'Ransomware payments made to sanctioned persons or to comprehensively sanctioned jurisdictions could be used to fund activities adverse to the national security and foreign policy objectives of the United States. Ransomware payments may also embolden cyber actors to engage in future attacks,' OFAC said..."
As the frequency and intensity of ransomware attacks increase, one thing is becoming abundantly clear: organizations can do more to protect themselves
"Unfortunately, most organizations are dropping the ball. Most victims receive adequate warning of potential vulnerabilities yet are woefully unprepared to recover when they are hit. Here are just a few recent examples of both prevention and incident response failures:
- Two months before the city of Atlanta was hit by ransomware in 2018, an audit identified over 1,500 severe security vulnerabilities.
- Before the city of Baltimore suffered multiple weeks of downtime due to a ransomware attack in 2019, a risk assessment identified a severe vulnerability due to servers running an outdated operating system (and therefore lacking the latest security patches) and insufficient backups to restore those servers, if necessary.
- Honda was attacked this past June, and public access to Remote Desktop Protocol (RDP) for some machines may have been the attack vector leveraged by hackers. Complicating matters further, there was a lack of adequate network segmentation.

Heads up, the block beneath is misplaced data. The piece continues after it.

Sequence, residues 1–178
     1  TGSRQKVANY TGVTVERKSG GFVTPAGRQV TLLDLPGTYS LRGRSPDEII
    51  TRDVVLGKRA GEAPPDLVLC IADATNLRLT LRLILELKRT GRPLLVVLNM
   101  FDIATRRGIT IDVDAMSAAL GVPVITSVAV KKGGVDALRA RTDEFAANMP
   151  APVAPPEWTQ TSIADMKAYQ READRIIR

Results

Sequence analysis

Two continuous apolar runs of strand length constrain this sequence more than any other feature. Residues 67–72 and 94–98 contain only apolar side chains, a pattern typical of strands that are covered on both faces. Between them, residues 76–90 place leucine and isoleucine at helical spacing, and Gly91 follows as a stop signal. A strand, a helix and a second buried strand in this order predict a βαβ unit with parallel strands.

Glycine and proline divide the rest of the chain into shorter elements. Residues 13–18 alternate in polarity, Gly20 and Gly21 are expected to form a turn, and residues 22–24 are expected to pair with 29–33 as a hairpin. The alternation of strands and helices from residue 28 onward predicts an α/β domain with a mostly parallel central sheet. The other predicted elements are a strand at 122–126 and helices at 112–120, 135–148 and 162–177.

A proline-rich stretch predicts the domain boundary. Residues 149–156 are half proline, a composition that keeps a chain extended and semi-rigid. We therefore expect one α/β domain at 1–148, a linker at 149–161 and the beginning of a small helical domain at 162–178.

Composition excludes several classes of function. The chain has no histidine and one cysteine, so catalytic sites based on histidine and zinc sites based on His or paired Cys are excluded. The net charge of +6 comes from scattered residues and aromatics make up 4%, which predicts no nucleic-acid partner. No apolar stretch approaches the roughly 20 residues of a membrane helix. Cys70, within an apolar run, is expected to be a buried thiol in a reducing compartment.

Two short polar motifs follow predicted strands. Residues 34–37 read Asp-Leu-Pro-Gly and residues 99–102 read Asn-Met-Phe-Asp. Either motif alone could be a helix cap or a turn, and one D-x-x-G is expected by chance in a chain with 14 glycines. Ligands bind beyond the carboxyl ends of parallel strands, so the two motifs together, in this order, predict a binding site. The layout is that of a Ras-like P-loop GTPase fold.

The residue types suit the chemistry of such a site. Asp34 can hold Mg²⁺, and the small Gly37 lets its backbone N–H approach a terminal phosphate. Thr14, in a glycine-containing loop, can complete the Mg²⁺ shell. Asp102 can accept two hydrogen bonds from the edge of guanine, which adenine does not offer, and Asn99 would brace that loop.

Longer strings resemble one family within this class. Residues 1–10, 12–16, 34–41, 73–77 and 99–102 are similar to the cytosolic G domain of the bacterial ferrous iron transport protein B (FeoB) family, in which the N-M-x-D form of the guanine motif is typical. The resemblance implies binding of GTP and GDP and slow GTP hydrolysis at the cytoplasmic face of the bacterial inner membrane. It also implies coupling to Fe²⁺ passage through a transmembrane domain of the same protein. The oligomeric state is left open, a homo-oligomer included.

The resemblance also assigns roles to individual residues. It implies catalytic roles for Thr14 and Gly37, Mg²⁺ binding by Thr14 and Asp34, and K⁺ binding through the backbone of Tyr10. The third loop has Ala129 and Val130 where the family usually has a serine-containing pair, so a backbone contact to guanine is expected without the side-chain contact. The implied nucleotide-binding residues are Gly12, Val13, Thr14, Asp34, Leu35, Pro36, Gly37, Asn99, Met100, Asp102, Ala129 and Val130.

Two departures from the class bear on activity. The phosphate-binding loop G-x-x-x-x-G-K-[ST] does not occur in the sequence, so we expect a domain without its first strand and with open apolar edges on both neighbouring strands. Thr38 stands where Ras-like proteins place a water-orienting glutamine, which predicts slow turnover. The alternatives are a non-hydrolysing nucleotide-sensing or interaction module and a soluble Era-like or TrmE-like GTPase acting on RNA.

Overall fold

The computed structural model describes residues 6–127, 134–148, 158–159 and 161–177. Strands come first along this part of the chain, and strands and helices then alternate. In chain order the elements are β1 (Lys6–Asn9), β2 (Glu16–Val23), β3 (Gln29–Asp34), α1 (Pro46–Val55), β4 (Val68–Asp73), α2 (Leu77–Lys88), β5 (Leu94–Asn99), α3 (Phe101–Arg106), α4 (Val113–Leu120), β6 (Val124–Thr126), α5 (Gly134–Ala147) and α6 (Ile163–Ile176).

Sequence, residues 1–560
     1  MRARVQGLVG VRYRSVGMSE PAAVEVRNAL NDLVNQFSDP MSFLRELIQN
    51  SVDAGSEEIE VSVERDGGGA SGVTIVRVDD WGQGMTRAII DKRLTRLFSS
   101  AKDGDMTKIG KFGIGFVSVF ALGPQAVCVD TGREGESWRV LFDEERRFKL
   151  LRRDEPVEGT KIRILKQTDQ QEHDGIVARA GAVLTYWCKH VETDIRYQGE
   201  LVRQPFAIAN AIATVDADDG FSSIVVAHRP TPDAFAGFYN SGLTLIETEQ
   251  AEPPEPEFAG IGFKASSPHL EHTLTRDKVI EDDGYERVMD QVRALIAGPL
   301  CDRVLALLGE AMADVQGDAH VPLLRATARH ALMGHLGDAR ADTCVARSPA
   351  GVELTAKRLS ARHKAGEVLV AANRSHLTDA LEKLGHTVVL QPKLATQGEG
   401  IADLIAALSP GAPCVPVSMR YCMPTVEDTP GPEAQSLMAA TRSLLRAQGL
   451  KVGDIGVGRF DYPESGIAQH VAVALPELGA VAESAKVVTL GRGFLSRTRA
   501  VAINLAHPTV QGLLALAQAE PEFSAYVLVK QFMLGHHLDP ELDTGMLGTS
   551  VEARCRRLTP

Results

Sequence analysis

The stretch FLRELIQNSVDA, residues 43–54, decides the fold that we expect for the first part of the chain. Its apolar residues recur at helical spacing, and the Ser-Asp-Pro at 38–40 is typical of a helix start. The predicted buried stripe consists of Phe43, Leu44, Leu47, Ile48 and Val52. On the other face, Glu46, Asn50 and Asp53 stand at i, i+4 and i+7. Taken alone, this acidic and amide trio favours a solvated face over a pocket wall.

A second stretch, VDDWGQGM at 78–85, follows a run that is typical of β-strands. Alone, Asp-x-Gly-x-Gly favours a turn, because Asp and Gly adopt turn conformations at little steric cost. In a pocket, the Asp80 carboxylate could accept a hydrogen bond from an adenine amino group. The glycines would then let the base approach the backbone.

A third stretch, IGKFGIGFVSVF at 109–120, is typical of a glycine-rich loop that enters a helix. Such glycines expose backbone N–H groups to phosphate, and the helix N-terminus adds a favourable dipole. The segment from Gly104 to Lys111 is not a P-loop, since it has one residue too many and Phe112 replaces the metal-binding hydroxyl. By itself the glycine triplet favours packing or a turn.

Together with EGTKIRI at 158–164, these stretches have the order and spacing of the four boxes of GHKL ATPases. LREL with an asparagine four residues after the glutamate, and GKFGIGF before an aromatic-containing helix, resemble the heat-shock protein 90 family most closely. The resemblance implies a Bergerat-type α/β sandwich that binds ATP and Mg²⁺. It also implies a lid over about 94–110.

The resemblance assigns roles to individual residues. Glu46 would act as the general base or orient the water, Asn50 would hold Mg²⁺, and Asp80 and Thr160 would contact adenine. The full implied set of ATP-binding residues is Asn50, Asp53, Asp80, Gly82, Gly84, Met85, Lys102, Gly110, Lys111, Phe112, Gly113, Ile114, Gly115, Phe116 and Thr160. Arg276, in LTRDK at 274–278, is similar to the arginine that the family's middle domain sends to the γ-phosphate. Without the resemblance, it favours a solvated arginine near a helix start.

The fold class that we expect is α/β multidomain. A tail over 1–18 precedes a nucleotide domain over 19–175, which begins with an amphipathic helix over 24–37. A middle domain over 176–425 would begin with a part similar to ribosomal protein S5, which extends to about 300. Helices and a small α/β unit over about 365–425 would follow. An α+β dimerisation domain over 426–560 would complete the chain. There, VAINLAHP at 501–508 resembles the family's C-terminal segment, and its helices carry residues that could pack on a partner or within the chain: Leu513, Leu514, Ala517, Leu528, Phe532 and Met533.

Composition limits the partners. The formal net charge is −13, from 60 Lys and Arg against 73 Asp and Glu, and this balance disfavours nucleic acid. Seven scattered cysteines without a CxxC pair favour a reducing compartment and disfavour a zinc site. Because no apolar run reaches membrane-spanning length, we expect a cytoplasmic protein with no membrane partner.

Other notable recent victims include Travelex, Blackbaud, and Garmin. In all these examples, these are large organizations that should have very mature security profiles. So, what's the problem?..."
The introduction of the virtual war room is a new but necessary shift. To ensure its success, security teams must implement new systems and a new approach to cybersecurity
"As COVID-19 continues its devastation around the world, businesses have faced a slew of unexpected challenges from this global pandemic. In response, many companies have moved their entire workforce to remote models, but this adjustment brings with it a massive increase in security risks - and many businesses find themselves unprepared and in uncharted territory. Though cybercriminals were also caught off-guard by COVID-19, they are now finding new avenues of attack that many companies have never faced before.
For decades before the pandemic began, security teams congregated in a physical 'war room' to foster collaboration and quickly and efficiently work together to fight off cybersecurity crises as a team. These war rooms typically take on one of two scenarios..."
More than 80% of global employees do not want to return to the office full-time, despite 30% employees claiming that being isolated from their team was the biggest hindrance to productivity during lockdown, a MobileIron study reveals
"The COVID-19 pandemic has clearly changed the way people work and accelerated the already growing remote work trend. This has also created new security challenges for IT departments, as employees are increasingly using their own personal devices to access corporate data and services.
Adding to the challenges posed by the new 'everywhere enterprise' - in which employees, IT infrastructures, and customers are everywhere - is the fact that employees are not prioritizing security. The study found that 33% of workers consider IT security to be a low priority..."
See all Archived IT - Security articles
See all articles from this issue